Ebonee opened the bag and, inside, she found savings bonds, all in her name. Seventy-five thousand dollars in savings bonds. Her grandmother had looked out for her after all. She had sewn the bag into the body of the chair before she went to prison. Her grandmother could have used the money on lawyers or on a medical specialist but she left it to her granddaughter. Ebonee looked up at the sky and thanked her God and her grandma in that order. Her tuition, books, room and board would all be taken care of
now. When Dora arrived at home, all Ebonee's possessions were gone and so was the couch. A neighbor, who had been watching, told her that the kids had found a bag full of money in the couch. "So that's where that old bitch hid it, “said Dora. “I’ll bet she had a good laugh when I sent her that picture of me sitting on it.” Dora had torn the grandmother’s house apart looking for money but it was right under her nose the entire time.

I saw Ebonee again, years later when one of my young doctors had to testify in court. I always went with then to give confidence and guidance. Ebonee told me the rest of her story She is a lawyer in the juvenile courts. She champions and protects vulnerable girls. Ebonee found a way to win against all the odds, to overcome the abuse and despair. She found a way to triumph over tragedy. There is redemption in whatever happens to you, good or bad. Even the most horribly treated person can blossom. Sometimes adversity, being treated horribly, may actually be a preparation for better things to come. People who succeed do it by knowing that there are better days ahead. No matter what they go through, they know that they are just being equipped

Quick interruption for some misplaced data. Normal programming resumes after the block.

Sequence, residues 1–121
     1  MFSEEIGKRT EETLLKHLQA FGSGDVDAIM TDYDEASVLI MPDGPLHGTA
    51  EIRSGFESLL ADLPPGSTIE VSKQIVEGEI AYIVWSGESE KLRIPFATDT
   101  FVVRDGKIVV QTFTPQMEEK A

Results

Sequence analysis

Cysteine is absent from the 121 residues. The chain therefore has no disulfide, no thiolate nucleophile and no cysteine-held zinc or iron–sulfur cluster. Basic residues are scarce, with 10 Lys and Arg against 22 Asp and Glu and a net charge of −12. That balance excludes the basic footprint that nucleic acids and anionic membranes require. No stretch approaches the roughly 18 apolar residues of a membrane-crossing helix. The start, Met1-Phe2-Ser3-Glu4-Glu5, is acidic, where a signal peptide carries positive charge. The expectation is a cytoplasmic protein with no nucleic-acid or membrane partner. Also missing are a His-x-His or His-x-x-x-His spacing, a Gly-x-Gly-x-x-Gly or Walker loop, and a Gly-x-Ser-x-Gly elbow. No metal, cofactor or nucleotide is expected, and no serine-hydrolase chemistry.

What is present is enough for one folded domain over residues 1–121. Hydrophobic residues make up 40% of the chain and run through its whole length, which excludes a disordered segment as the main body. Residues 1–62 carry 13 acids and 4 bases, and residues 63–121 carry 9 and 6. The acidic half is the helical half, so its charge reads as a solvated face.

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Dr. Carlton Payne has more than 30 years of experience in the field of psychology. He earned his BA in psychology from LaSalle University, his MS in Counseling Psychology from Villanova University and his PhD. in Educational Psychology from Temple University. He has taught college and graduate students and served as the Chief Psychologist and Director of Behavioral Health for the City of Philadelphia Prison System. His areas of expertise include Forensic Psychology, Psychological Testing/Assessment, Learning Abilities/Disabilities, Mediation/Dispute Resolution, Suicide Prevention/Grief Counseling, Diversity/Multicultural Education, Anger Management, and Curriculum Design.